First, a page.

Reckoning with Harm is a striking ethnographic analysis of the harm resulting from oil extraction. Covering fifty years of settler colonization and industrial transformation of the Ecuadorian Amazon, Amelia Fiske interrogates the relations of harm. She moves between forest-courtrooms and oily waste pits, farms and toxic tours, to explore both the ways in which harm from oil is entangled with daily life and the tensions surrounding efforts to verify and redress it in practice.
Dr. Fiske theorizes that harm is both a relationship and an animating feature of relationships in this place, a contingent understanding that is needed to contemplate what comes next when living in a toxic world.
What inspired you to study the aftermath of oil extraction in the Ecuadorian Amazon?
I first travelled to Ecuador in 2010 as part of a graduate program to study Kichwa. I had been reading about the ongoing Aguinda v. Texaco lawsuit, and this was the first time I had ever seen oil pipelines cutting through the jungle, or the massive machinery that was opening new wells that summer along the Napo River. I was struck by the obviousness of the extent of contamination which was visible as I travelled throughout Sucumbíos and Orellana, and at the same time how contested the lawsuit appeared to be. This tension inspired me to begin the research for this book.
What kinds of evidence of harm were the most revealing during your research process? What surprised you?
One of the things that has always fascinated me about working in this region is the extent of transformation to the Amazon in such a relatively short period of time. In less than half a century the ancestral territory of Indigenous nationalities was transformed into a center of industry and urbanity. I spent a lot of my time conducting life history interviews with the early settlers to the region to understand the relations between the industry and people arriving to make a new life farming in the Amazon. One of the things that was so striking about these accounts was how similar their encounters were with the oil industry. Time and again people told me about spills on their land, washing their clothes or bathing their children in rivers that became gray with chemical froth, or of laundry stained black from the nearby gas flares. Their accounts were tapestries of overlapping, continual assaults on life that echoed one another, and are also corroborated by industry records of spills, photographic evidence, and scientific testing of contaminated sites. For me, these personal histories with the industry need to be central to understanding what has happened in this region and how extractive industries transform life more broadly.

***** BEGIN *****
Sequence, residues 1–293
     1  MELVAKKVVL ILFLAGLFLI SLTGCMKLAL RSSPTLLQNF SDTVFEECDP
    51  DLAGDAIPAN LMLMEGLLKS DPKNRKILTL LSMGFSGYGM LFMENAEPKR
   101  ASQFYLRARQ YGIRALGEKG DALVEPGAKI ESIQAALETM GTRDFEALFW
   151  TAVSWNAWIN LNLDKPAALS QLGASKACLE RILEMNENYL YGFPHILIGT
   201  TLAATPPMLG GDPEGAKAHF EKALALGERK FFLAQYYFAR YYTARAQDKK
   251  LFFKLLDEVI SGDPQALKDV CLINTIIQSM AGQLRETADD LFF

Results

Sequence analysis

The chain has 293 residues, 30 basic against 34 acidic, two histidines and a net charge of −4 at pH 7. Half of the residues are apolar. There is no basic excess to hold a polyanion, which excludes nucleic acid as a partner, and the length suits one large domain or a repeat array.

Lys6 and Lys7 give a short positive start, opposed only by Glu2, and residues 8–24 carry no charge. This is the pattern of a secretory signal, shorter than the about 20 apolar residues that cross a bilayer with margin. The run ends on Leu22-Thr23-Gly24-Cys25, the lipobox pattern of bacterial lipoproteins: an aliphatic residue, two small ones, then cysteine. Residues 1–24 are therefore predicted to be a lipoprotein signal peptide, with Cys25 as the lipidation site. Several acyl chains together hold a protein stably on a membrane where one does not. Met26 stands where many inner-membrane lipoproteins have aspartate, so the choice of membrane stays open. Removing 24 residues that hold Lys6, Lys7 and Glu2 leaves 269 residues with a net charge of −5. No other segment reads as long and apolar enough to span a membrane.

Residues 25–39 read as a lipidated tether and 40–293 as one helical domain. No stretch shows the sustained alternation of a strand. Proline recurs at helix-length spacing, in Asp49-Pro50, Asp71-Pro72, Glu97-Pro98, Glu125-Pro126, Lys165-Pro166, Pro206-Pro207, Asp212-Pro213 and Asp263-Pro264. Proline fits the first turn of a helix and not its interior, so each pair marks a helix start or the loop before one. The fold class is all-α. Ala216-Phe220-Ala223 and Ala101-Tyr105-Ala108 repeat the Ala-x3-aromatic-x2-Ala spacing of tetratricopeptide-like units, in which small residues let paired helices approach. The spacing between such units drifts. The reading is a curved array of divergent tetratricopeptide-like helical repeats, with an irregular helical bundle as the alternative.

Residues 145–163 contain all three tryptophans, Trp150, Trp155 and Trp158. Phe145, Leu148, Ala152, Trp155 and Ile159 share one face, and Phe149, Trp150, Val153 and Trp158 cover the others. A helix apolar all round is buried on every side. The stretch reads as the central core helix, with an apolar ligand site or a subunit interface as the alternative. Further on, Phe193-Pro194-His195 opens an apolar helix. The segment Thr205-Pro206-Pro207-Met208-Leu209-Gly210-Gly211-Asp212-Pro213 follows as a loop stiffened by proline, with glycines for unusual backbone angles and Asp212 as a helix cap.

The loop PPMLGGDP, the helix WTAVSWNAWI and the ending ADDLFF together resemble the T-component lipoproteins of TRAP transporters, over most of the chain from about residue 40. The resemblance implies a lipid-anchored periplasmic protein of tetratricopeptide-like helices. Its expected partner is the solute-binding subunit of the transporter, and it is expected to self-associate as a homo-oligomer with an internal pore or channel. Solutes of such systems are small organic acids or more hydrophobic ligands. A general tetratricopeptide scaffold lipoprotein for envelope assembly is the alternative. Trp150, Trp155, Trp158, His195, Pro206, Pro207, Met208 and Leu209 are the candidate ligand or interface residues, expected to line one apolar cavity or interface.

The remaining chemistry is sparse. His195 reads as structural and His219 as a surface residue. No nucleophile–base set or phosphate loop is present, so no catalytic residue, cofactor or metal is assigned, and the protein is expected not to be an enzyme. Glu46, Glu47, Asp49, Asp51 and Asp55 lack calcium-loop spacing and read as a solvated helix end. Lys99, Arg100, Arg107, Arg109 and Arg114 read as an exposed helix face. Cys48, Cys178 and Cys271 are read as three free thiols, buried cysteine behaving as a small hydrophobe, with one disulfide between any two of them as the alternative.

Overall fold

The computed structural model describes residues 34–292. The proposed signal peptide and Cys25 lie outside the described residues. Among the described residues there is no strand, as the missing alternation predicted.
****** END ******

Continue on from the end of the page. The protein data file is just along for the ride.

Can you elaborate on the tensions surrounding efforts to verify and redress harm resulting from oil extraction in Ecuador?